Members of Alpha Epsilon Pi (AEPi) cancelled a Cinco De Mayo themed party named “Tequila Sunrise Dayger” yesterday, after receiving public criticism on Facebook. Several hours later, they posted a “new and improved” event called “AEPi Presents ‘Dayger’ Dayger.”
The theme party was to be hosted on May 6th, in reference to Cinco de Mayo, which commemorates the Mexican Army’s unlikely victory over the French at the Battle of Puebla in 1862.
“Week Cinco just ended. You Mayo may be done with be done with midterms or maybe you aren’t,” the invitation read, encouraging students to “black out before it gets black out.“
The event page was taken down at 12:30 p.m,, automatically notifying several invitees on Facebook.
Alex Prell, the event’s host and a member of AEPi, believes the event had a clear purpose.
“For our brothers and their friends to meet up and hang out on a Saturday,” Prell said.
“We have a lot of events with a lot of different themes, each of which are intended to convey a good time for our members and their friends,” he said.”Tequila Sunrise looked like a fun time, unfortunately it was upsetting to a lot of people for a lot of reasons, and we had no interest in upsetting people, so we deleted the page and got rid of that theme.”
Fourth year student Adam Moore, who posted the screenshots of the event publicly on Facebook, said that parties like this should be called out in public.
“AEPi has done problematic stuff in the past and is never held accountable,” he said. “Like most Greek organizations they are given a slap on the wrist or its swept under the rug,” he said. “I wanted it more public because this school has an ongoing history of anti-POC parties, activities, sentiments and I believe those advocating it need to be more accountable.”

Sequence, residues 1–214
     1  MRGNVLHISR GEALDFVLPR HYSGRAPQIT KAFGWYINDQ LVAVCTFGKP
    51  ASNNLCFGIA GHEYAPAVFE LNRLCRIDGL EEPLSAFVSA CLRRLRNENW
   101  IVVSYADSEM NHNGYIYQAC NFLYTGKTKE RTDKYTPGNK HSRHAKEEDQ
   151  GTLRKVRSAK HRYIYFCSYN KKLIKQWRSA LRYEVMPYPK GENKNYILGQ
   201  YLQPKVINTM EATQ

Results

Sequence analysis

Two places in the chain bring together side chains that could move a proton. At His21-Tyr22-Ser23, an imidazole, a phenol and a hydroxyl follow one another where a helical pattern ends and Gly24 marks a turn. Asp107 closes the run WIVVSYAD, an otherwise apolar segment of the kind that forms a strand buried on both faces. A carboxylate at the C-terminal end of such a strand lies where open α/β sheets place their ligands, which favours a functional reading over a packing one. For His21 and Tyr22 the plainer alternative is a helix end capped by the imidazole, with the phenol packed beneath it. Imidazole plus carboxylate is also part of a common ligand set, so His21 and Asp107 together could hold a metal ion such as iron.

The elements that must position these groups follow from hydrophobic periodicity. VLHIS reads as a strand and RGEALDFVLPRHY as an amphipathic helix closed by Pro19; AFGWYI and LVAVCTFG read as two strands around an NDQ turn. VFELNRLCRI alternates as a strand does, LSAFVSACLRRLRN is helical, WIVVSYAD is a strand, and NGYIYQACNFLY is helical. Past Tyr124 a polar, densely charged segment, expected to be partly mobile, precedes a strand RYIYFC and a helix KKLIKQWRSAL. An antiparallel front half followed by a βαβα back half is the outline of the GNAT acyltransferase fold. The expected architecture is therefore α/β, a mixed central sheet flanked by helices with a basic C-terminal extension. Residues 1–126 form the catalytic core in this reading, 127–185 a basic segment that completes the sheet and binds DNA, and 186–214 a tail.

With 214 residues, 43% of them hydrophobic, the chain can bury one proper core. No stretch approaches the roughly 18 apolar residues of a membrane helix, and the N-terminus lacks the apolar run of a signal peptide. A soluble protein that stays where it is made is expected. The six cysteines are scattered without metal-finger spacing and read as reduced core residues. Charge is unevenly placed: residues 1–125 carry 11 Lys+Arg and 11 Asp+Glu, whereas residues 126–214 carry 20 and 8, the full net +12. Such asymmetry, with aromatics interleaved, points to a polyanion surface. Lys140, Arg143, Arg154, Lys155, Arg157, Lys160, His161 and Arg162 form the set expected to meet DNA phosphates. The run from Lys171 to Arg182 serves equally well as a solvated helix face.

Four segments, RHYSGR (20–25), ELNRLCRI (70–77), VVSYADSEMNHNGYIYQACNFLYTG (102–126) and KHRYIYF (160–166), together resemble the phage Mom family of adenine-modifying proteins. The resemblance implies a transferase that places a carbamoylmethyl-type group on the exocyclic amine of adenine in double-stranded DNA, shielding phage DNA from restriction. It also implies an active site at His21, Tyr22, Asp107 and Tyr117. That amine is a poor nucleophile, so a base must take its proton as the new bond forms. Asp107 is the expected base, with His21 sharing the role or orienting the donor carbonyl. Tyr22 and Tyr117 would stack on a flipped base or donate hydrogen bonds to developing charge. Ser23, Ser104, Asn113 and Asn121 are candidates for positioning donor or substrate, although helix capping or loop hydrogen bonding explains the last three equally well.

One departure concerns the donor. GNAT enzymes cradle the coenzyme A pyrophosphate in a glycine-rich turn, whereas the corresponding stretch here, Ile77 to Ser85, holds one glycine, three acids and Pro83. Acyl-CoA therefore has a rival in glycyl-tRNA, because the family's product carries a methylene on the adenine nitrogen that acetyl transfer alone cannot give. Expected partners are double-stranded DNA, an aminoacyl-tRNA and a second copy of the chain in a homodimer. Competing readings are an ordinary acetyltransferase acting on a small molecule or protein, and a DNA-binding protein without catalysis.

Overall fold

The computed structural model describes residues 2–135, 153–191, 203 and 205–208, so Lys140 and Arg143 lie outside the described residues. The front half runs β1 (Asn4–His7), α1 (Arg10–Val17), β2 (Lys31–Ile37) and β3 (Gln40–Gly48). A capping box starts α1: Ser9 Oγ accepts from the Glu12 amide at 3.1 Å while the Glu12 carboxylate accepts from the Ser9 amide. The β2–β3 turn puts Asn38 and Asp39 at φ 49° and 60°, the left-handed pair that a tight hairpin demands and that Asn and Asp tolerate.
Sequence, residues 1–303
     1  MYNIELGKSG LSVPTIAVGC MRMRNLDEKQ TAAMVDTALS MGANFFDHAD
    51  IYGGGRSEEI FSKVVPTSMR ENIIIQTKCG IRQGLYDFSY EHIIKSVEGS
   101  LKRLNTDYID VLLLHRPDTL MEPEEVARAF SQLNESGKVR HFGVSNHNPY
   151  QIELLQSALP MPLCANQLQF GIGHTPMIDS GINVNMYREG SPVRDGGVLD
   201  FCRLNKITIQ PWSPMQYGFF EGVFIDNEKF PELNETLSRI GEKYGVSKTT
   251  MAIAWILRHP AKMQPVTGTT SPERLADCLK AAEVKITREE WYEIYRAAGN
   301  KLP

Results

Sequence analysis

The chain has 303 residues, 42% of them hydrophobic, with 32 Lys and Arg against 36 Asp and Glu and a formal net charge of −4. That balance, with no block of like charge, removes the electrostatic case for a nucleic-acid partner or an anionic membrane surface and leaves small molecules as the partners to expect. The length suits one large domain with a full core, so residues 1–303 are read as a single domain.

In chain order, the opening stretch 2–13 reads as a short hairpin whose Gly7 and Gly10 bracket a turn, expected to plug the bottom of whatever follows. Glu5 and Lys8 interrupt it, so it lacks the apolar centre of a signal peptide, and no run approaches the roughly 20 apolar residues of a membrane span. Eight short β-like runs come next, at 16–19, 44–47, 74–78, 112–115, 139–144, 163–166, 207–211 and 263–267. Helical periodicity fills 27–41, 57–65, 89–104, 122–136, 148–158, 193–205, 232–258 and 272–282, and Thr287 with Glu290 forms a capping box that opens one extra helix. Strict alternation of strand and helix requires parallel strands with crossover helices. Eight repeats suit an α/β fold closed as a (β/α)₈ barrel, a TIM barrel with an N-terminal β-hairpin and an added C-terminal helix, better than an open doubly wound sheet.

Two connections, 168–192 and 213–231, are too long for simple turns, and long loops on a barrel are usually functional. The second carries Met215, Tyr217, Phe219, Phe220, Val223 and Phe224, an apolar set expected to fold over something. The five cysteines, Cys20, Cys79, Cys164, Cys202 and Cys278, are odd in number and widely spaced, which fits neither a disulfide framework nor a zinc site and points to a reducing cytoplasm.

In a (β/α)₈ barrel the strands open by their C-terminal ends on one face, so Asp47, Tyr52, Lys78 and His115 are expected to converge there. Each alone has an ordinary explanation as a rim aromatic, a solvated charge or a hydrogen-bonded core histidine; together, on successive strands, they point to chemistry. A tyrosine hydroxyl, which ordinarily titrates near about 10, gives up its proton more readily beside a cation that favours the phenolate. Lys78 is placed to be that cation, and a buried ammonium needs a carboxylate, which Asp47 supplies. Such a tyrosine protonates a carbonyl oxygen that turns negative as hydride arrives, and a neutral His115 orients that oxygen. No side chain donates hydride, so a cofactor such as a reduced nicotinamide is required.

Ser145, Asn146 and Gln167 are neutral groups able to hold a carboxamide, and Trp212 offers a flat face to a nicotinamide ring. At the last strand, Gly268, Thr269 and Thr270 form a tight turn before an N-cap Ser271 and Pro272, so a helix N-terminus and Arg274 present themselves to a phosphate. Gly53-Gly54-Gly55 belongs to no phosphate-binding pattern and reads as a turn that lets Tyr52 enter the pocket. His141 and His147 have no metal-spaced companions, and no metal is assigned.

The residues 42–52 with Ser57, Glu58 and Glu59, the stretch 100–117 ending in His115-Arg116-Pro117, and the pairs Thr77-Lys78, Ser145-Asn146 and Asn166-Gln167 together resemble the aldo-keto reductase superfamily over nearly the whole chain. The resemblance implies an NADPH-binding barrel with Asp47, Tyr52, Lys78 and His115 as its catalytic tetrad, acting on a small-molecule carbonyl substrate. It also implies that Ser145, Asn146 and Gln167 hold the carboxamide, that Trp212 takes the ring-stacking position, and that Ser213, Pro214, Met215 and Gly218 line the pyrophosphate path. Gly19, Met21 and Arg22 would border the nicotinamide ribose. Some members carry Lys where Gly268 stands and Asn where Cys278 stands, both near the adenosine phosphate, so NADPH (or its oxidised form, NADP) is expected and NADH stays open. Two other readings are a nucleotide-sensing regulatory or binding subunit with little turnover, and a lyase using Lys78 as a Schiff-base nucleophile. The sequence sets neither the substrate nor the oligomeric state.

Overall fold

Some members of Greek life were equally as upset. Carlos Rivera, a third year student and a member of the first Latino fraternity on Campus, Nu Alpha Kappa, felt personally insulted.
“We don’t want you to celebrate [our culture], we want you to listen and recognize our struggles, we want you to accept the injustices done against us by white supremacy, and we want you to stop using us as your costumes,” Rivera said.
Other students, like Ilana Osowiecki, a third year student who identifies as Jewish and Mexican, felt that the fraternity’s actions do not represent the entire Jewish community on campus.
“AEPi does not represent the entire Jewish community at this campus and this party should not be associated with Jews in general,” said Osowiecki
“I was disappointed to see AEPi try to put on this event. Because I’ve never celebrated Cinco de Mayo myself (where I grew up in Mexico City it is not celebrated), it is kind of weird to me to see Americans trying to celebrate it. I wouldn’t necessarily say that I was personally offended by it, but I did think it was a complete lack of judgement on AEPi’s part to publish an event like that (especially the initial description).”
Several hours after the party was removed from Facebook, another event was put up in it’s place by the same member of the fraternity: “AEPi Presents ‘Dayger’ Dayger.” After receiving criticism for the first event, Prell deleted the original and posted the second.
“Nothing to see here… Come to our normal day, new and improved,” the event description reads. “We will be drinking fermented Agave along with Orange extract.”
Others made references to the event’s date, attempting to draw attention to the “new and improved” party.
“So stoked (excited) about this day party (celebration) that will take place on the 6th day of the fifth month of the year,” said one of the confirmed partygoers.
The Facebook event comes one week after the suspension of Kappa Sigma at Baylor University’s for hosting a Mexican-themed party called “Cinco De Drinko.”
“Unlike Baylor, our theme did not encourage people to dress in costume,” Prell said. “Nor was it in celebration of Cinco de Mayo.”
When asked why they chose this theme in particular, Prell said that the fraternity has lots of events, always hosted to create a good time. Although the event description used the words “Cinco” and “Mayo,” Prell said that “it was a reference to the timing of the event rather than the theme itself.”
Gabriel Schneider is the Editor-in-Chief of The Triton.